Bank Signals Higher Interest Rates Only Weeks Away, as Dollar Soars
by Julian Beltrame, The Canadian Press
OTTAWA - The Bank of Canada signalled Tuesday it is poised to start raising interest rates in a matter of weeks, a move that will make borrowing costs higher on everything from car loans to mortgages.
Over the last few weeks, Canadians have already felt the impact of expectations that rates were due to rise - most major Canadians banks started hiking fixed-rate mortgage rates by as much as 0.85 per cent.
But with the central bank now saying it is prepared to move off its emergency 0.25 per cent overnight rate as early as June 1, the whole menu of variable and short-term rates are being brought into play.
"The one that will be affected is the prime lending rate... so the whole gamut will go up when the Bank of Canada raises its rate," said Bank of Montreal economist Michael Gregory. Those include variable-rate mortgages, lines of credit and short-term car loans, he said.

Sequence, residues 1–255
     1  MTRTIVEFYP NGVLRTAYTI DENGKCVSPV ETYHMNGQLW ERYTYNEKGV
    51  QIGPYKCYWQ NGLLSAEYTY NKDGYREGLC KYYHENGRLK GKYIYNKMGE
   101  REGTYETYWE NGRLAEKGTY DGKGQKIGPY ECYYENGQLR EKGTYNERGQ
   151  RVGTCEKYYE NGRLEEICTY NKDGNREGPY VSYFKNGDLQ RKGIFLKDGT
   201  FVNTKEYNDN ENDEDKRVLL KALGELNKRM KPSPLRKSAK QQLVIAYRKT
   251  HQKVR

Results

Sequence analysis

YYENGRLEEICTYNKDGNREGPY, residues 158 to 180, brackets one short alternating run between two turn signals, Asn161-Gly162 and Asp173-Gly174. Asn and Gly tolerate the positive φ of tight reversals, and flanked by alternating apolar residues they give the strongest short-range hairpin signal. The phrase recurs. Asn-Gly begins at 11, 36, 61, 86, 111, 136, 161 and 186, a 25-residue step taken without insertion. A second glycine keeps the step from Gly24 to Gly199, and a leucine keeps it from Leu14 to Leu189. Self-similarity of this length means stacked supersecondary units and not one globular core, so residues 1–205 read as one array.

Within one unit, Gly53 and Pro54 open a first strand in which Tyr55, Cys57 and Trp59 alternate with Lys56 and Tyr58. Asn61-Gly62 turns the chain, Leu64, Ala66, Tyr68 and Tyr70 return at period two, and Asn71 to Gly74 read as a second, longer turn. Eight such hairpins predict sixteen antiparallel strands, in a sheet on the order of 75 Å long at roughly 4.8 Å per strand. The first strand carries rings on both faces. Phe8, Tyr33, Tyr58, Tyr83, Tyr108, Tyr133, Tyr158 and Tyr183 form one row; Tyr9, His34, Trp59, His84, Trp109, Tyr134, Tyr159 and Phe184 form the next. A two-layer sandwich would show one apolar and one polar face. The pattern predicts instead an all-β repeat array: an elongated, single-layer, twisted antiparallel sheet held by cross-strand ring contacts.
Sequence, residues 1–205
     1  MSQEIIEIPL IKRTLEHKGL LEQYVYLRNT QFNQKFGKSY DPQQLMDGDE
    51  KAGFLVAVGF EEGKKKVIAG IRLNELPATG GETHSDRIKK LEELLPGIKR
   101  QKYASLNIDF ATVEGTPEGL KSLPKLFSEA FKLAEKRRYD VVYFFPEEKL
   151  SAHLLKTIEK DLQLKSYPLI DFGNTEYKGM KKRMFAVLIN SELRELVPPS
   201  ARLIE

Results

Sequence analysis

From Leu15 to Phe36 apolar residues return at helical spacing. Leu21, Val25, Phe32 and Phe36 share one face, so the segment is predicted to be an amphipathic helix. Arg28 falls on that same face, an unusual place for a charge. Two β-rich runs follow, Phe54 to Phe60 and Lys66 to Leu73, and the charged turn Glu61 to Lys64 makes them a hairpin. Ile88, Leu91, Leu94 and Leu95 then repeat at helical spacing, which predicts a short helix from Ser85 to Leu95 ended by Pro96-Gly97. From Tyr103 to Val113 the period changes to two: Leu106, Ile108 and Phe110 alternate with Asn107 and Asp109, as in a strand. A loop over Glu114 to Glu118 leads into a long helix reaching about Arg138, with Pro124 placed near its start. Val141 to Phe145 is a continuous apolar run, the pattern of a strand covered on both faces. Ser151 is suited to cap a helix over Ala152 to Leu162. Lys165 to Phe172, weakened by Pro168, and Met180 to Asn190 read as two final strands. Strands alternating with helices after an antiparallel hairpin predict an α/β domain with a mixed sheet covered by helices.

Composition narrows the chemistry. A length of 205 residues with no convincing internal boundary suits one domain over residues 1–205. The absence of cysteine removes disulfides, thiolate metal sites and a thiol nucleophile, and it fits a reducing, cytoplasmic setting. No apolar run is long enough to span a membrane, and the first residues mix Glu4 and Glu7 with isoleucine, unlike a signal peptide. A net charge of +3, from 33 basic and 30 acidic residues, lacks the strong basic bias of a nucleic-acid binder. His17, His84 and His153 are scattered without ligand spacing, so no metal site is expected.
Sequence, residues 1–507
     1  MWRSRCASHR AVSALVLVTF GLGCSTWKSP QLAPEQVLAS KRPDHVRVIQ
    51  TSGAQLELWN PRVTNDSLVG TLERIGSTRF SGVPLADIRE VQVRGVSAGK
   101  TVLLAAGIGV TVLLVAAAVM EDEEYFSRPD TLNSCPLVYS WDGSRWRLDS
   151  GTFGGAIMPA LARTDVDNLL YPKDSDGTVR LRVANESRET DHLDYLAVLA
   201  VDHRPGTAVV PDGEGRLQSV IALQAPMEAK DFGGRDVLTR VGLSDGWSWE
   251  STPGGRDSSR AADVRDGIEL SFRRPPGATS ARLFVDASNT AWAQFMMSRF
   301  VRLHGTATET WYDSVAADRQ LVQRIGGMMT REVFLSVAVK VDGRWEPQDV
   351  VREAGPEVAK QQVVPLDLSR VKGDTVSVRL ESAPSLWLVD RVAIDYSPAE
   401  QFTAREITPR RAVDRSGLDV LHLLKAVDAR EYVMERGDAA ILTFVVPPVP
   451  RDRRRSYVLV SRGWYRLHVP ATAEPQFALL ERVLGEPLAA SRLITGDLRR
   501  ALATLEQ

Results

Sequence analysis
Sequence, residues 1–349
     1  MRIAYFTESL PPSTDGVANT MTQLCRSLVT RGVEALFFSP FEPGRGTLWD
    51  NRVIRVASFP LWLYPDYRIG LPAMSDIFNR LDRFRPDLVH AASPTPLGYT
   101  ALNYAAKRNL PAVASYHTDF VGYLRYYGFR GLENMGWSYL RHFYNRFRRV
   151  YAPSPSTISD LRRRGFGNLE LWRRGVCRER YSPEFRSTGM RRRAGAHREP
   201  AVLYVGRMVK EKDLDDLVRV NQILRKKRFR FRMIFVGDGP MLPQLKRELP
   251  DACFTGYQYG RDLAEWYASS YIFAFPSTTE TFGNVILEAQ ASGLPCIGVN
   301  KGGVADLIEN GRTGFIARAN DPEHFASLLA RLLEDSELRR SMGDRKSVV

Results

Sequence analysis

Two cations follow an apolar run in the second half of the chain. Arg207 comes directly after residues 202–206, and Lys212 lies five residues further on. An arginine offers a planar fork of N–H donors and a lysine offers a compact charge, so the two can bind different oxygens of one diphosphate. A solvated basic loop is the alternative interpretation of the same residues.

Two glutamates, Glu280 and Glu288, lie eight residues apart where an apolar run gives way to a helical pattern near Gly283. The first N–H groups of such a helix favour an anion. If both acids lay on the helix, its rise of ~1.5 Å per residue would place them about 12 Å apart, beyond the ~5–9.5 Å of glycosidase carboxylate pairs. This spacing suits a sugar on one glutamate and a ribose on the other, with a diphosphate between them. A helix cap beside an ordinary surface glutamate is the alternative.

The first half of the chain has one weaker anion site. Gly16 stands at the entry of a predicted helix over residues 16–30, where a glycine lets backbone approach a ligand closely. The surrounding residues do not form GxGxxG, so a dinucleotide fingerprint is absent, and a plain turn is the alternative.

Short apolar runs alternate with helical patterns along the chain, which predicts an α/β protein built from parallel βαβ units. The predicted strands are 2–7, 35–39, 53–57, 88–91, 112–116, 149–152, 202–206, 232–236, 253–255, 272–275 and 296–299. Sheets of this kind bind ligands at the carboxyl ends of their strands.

The bank is also risking sending the Canadian dollar into the stratosphere by moving significantly and robustly before the U.S. Federal Reserve moves off its own zero per cent interest rate policy.
The loonie soared within minutes of the central bank's 9 a.m. ET policy statement, which, while leaving the rate unchanged for now, made no secret of where it is headed.
The bank's governing council declared that with the economy and inflation growing faster this year than had been previously thought, there was no need to stay with its "conditional commitment" to leave rates unchanged until the end of the second quarter, or after June 30.
"This unconventional policy provided considerable additional stimulus during a period of very weak economic conditions," the council wrote.
"With recent improvements in the economic outlook, the need for such extraordinary policy is now passing, and it is appropriate to begin to lessen the degree of monetary stimulus."
Hence, the council went on, it was withdrawing the conditional commitment.
The bank also said it was ending its key emergency lending instrument that helped inject liquidity into money markets during the crisis, which economists called a clear signal about the central bank's future intentions.
The dollar rose about 1.5 cents shortly afterwards, breaking through the parity ceiling with the U.S. greenback. It closed up 1.58 cents at 100.12 cents U.S.
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